Middleton trustees: Not invited to Rogers dissolution meeting
NEGLEY- Middleton Township trustees are saying they were not invited to a Rogers City Council meeting in October.
During the township’s regular meeting Monday the board referenced a prior newspaper story in which it was stated the board had reportedly been invited to the meeting but did not show.
The October meeting focused on discussing the possible dissolving of the incorporated village. Should it dissolve, it will be the responsibility of Middleton Township, which encompasses that small area.
Rogers has a population of 237 people and owes the state auditor’s office roughly $50,000 for routine annual audits dating back 10 years. The debt is only about $18,000 shy of the village’s yearly operating budget.
Middleton Trustee Eldena Gearhart said the board was not notified of the meeting, but Fiscal Officer Bob Chapman was, and he did not attend after speaking with their legal counsel, Andy Beech, a member of the county prosecutor’s office.
Chapman said Beech had told him not to give any advice or information to Rogers officials.
“I called our legal prosecutor and he said that wasn’t our place to answer any questions, and I didn’t know what to say anyhow, I figured that was their solicitor’s job,” Chapman said, referring to Rogers Solicitor Michelle Simonelli. “We don’t have any opinions. We don’t have any advice.”
According to Chapman, Rogers Mayor Sharon Hebron called him seeking information regarding what would happen to the village’s levies should it be dissolved.
Gearhart said Chapman told the board he was contacted and they did not attend the meeting because they assumed the information being sought had to do with financial matters, which is Chapman’s area of expertise.
She went on to say that if they had attended the meeting, they would have been present as concerned residents of the township, not to offer advice.
On Tuesday Hebron verified she did speak with Chapman, and was seeking information pertaining to what would happen to the village’s levies should it dissolve.
“When I called him he said we’d have to contact the auditor’s office because he didn’t have that information. I do believe I said they’d (council) like somebody from the township to come to the meeting,” she said.
She went on to say village officials were reaching out to the township because most council members are fairly new, and “we have never dissolved a village before.”
Hebron, who will no longer be mayor as of January, said the village is trying to weigh the pros and cons of the matter before making any decisions.
“Right now what we are trying to do is save the village, so we are trying to get information from anybody we can who is going to help us. I don’t know what will happen. Nobody knows what will happen.
“We are hoping the people of the village will pull together and try to save the village,” she said.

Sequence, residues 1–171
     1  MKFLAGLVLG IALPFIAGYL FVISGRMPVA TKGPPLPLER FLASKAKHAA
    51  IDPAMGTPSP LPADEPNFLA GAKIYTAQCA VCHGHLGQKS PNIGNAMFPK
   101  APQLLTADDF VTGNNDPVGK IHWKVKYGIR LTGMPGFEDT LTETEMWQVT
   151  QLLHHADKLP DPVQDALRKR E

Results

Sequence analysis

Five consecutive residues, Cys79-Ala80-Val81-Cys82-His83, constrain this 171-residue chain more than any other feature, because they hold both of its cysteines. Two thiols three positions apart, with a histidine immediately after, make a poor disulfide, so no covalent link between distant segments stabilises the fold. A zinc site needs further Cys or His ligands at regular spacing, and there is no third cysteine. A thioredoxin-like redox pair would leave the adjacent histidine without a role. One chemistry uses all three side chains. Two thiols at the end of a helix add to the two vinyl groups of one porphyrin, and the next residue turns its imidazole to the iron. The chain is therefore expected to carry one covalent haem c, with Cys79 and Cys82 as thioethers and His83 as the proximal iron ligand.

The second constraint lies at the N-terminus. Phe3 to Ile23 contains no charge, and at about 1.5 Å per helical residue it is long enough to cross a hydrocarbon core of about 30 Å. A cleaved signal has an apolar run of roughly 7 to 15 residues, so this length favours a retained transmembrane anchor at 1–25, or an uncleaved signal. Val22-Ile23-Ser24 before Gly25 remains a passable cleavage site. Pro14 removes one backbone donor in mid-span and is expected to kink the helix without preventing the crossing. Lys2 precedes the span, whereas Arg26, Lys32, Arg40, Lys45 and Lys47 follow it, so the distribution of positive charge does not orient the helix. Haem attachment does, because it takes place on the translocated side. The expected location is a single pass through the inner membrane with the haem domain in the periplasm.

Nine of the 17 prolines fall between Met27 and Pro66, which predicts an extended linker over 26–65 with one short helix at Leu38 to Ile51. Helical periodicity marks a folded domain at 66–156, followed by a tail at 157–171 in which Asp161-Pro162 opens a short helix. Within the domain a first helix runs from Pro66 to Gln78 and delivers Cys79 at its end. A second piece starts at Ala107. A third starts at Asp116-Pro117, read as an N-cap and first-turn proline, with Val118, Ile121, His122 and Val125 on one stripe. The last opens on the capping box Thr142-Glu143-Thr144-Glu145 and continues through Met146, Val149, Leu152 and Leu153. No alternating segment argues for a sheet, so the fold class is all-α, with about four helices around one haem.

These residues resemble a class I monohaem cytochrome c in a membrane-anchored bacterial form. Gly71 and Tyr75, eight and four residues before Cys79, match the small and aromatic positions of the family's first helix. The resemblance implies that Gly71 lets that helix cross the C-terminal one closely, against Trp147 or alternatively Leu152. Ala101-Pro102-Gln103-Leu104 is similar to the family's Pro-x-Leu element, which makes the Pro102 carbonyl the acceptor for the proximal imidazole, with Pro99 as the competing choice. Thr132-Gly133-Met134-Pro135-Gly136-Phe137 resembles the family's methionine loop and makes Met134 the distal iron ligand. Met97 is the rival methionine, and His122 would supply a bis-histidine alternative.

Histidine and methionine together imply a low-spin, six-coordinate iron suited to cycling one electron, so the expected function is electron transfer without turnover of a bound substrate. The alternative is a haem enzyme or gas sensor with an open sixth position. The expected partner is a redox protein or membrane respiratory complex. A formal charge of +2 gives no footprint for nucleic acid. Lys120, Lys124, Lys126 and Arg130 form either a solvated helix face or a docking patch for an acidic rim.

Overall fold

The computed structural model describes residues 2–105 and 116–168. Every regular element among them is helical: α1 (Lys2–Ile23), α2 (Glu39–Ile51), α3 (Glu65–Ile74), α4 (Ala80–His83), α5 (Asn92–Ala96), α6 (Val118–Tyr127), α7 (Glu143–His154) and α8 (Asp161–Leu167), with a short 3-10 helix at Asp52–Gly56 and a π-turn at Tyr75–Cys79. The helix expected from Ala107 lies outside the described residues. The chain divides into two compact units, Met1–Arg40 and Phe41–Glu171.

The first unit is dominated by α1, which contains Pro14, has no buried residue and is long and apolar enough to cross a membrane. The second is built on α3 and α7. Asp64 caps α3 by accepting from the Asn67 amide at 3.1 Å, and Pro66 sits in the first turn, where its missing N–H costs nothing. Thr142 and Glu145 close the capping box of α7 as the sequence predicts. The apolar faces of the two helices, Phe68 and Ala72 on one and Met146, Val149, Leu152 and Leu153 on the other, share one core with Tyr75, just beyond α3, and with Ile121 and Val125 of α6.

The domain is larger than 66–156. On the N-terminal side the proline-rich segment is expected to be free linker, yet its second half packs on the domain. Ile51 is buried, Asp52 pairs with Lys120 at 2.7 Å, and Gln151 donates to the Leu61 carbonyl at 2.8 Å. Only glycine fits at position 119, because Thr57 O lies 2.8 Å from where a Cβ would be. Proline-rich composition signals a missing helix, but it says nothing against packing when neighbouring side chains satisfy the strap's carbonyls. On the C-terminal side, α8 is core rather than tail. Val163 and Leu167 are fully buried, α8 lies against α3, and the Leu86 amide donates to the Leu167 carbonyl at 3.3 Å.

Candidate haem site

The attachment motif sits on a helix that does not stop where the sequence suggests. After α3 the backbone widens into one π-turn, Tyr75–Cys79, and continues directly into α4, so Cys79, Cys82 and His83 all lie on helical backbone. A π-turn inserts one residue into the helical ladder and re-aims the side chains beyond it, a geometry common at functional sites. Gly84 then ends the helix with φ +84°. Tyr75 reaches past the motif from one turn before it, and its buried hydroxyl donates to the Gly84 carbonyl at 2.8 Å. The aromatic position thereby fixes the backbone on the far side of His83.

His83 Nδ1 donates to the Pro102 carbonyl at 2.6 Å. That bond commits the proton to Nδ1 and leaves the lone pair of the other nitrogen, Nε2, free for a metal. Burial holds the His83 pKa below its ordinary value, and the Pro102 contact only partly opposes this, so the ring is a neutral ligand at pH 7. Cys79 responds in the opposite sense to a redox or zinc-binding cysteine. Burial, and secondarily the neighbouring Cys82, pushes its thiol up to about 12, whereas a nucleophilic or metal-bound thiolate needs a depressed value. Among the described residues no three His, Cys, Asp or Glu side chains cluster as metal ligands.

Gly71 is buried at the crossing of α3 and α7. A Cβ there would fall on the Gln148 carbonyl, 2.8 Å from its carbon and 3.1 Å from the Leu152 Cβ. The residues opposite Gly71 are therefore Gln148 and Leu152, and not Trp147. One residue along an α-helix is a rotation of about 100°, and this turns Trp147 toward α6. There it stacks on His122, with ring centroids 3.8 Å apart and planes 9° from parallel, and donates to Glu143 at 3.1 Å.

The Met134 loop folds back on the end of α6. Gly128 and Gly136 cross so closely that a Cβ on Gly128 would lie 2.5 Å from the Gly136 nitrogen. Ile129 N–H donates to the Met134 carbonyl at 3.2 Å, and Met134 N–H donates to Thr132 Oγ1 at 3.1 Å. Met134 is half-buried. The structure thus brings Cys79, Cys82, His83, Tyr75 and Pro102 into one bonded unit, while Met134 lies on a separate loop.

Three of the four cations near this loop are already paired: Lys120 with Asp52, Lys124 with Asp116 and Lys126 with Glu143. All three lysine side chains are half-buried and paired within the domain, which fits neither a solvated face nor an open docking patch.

She anticipates the decision to dissolve would have to be made by a ballot vote.
As for the information she was seeking from Chapman, she said once he told them to contact the auditor’s office she believes Simonelli did so.
“Chapman was helpful. I haven’t talked to any of the trustees. A couple of our council people said they were going to talk to them, because we are trying to get all the information we can to present to the people of the village,” she said.
She added she didn’t reach out personally to the trustees because she figured if Chapman didn’t have the information she was looking for, they wouldn’t either.
Township resident Greg Lipp, who will replace Gearhart on the township board in January, asked Chapman during the Monday meeting what would happen if Rogers dissolves.
Chapman said the township would receive their tax dollars and gasoline money for the roughly six miles of additional roads it would be responsible for, but any money received would be small compared to the overall debt.
“I’m assuming we would get their property tax money, so yes we would get some money,” he said.
Gearhart pointed out that if the township does become responsible for Rogers, a portion of the village’s money would already be designated for paying off the debt.
“Basically, you are going to inherit their debt,” Lipp said.
John Goempel, the chief deputy county auditor, said Tuesday that according to Ohio law the village’s assets and liability would transfer to the township, and any taxes due would still be due.
He said he gave Hebron that same information via e-mail after she contacted him a few weeks ago. He also said he told her they should refer to Simonelli for any future questions.
“I’m not an attorney, I’m not allowed to give legal advice,” he added.
He then said the village is currently collecting taxes on a total of 5.7 mills, and of that 2.7 mills are permanent inside millage with the remaining voter approved.
Voters passed a 1 mill levy for fire and EMS services in 2010 that brings in $2,200 annually and will be collected through 2015.
In 2012, voters approved a 2-mill current expenses levy that generates $4,600 a year and will be collected through 2017.
The permanent inside millage generates $6,100 a year.
“They are only bringing in about $12,900 annually,” he said.
Meanwhile, village officials are currently weighing the possibility of enacting a 1 percent income tax that would generate an additional $17,000 in revenue annually.
Chapman said the village’s assets include the former church they are now using as a village hall. The church was purchased for $42,000 and council members have suggested selling it to get out from underneath the debt.